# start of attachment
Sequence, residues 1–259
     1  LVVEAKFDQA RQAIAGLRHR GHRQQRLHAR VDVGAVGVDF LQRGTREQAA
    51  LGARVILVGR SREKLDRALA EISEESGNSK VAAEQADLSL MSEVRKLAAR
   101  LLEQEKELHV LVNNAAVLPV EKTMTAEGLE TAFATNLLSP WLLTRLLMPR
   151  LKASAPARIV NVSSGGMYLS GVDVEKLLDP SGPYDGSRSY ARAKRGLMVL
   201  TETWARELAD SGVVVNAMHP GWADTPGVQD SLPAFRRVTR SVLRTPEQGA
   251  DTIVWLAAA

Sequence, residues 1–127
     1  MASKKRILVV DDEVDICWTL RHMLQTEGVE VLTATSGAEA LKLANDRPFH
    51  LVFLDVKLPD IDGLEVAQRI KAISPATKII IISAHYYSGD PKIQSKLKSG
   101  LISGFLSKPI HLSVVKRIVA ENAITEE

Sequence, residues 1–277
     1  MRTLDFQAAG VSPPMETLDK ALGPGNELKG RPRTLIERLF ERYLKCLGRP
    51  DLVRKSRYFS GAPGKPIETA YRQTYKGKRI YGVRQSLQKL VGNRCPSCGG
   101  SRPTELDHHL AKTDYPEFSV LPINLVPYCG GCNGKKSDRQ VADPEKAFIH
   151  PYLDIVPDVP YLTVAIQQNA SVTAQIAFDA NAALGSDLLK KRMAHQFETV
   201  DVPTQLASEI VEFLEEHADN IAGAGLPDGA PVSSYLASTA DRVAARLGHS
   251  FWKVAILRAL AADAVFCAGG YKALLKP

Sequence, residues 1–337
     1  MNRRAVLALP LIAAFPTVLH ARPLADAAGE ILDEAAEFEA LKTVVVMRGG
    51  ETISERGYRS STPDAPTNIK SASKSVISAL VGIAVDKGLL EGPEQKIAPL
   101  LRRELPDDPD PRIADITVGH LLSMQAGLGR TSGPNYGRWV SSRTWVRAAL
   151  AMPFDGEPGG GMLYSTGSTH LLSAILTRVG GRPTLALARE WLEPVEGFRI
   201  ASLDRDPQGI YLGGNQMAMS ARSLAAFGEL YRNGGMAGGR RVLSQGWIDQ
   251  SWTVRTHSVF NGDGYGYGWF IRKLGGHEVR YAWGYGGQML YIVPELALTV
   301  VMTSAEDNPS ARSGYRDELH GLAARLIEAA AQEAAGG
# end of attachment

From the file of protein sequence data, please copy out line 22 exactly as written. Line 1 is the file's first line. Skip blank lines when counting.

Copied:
   101  LRRELPDDPD PRIADITVGH LLSMQAGLGR TSGPNYGRWV SSRTWVRAAL